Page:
About the Gimbal
The gimbal on the Steadicam Solo is a 3-axis wonder. A 3-axis gimbal can steady a camera stabilization in all three axis giving a much smoother and steadier video shooting experience compared to just a 2-axis counterbalancing mechanism.
This Steadicam Solo review would be incomplete without a word about its construction quality. This all metal design is capable of taking in quite a bit of abuse. The gimbal has an ergonomic foam handle as well as additional post grips that allow you to get a firm and comfortable grip. Telescopic central column extends in four sections reaching out to a maximum shoulder height allowing you a good reach in monopod mode.
Optional accessory mount
There are two optional mounts that allow you to attach additional accessories to the Steadicam Solo. These are the vest and the arm-support. Let’s elaborate this in further detail.
We are aware that the entire weight of the Steadicam Solo (and for that matter most hand-held DSLR stabilization system) is supported by the wrist and the forearm of the videographer. This means on a long term basis this can become a health concern. The arm-support is an accessory that can take away the stress that is associated with hand-holding the Steadicam Solo for an extended period of time.
If there is one accessory that is better than the arm-support, then it has to be the vest. The vest, as the name suggests, is worm around the torso of the videographer. The arm-support is connected with the vest and the entire weight of the Steadicam Solo plus the camera and the lens is distributed around the torso of the videographer. This is a great way to ensure the minimum amount of discomfort when using the stabilization system.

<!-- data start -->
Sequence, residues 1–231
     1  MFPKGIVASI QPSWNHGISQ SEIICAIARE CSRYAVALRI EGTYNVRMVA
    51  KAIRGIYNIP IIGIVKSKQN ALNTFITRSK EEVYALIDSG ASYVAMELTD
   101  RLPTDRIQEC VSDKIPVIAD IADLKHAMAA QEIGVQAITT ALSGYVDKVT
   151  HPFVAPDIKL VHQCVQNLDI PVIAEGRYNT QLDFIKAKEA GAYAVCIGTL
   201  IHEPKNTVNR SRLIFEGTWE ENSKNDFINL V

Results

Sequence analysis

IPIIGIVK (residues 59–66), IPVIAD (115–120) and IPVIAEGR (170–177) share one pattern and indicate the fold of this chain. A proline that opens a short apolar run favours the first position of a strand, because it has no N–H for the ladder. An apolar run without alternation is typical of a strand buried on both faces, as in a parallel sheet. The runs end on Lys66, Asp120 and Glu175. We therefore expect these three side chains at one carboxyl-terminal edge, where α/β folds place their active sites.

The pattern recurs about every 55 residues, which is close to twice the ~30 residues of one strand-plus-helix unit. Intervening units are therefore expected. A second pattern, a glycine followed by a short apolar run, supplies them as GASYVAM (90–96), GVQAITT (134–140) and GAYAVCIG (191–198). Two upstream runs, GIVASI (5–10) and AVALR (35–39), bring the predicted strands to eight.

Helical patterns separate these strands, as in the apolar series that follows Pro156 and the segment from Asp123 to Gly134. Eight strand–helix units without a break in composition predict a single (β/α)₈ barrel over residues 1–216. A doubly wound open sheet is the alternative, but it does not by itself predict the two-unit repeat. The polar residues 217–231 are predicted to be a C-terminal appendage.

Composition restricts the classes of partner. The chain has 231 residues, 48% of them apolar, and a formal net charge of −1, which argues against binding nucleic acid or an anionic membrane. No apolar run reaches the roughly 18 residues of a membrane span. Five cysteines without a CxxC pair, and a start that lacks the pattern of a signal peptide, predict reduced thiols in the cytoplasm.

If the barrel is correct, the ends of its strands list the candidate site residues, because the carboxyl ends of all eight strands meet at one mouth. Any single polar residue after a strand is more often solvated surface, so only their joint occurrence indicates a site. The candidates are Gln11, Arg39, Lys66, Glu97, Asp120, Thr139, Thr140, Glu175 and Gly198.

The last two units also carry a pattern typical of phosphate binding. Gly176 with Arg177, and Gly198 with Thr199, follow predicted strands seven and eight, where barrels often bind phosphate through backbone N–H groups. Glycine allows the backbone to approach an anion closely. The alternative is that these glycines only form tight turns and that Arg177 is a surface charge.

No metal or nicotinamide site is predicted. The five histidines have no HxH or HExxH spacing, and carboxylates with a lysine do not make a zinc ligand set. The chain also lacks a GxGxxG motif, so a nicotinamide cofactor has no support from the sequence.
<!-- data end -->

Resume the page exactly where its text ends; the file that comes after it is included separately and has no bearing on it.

The greatest benefit of these two accessories is when you are shooting an event. Let’s say that you have been assigned to shoot stills and videos at a wedding. While you are shooting the stills, the video work is reassigned to a colleague of yours. Now, for shooting wedding, both you and your videographer have to be on your toes at all times. Things move way too quickly to get a breather in between. And that can mean only one thing – arm fatigue and even injury. To prevent this an arm-support and a vest becomes extremely important accessories to have.
Detailed review of the Major disadvantages of the Steadicam Solo
While we love the monopod to Steadicam design and found it useful in some situations, the transition isn’t always as smooth as we thought it would be. E.g., when the Steadicam Solo is set up as a monopod, and you need to pick it up and move to a different location for a shoot, you have to first collapse the four sections. The Steadicam Solo isn’t the best design to work in a situation where you need to shoot, then move immediately and then shoot again. Especially if you don’t have a lot of space and the terrain isn’t exactly studio like. Plus, at shoulder height when fully extended, the Steadicam Solo isn’t built for such maneuvers.
The Steadicam Solo supports a total with of 4.5 kilos or 10 lb. That should be enough for all mirrorless systems as well as DSLR systems specially the crop sensor systems with smaller light weight sensors. As long as you stay within the recommended weight you should be fine. The problem is when you use heavier cameras. The system will require additional weights and that means it no longer remains easy to use.
Another major factor that you should consider is that the grip extends out. Why does that matter? Well with smaller Steadicams the counterweights are located at the bottom of the camera QR plate. That means your hand is in close proximity to the weights and it is a lot better way to hold the system. With the weight now moved towards the bottom of the system and extending away, the entire pressure is going to be on the wrists. You will need additional support systems such as a wrist-support or even a vest in order to use this.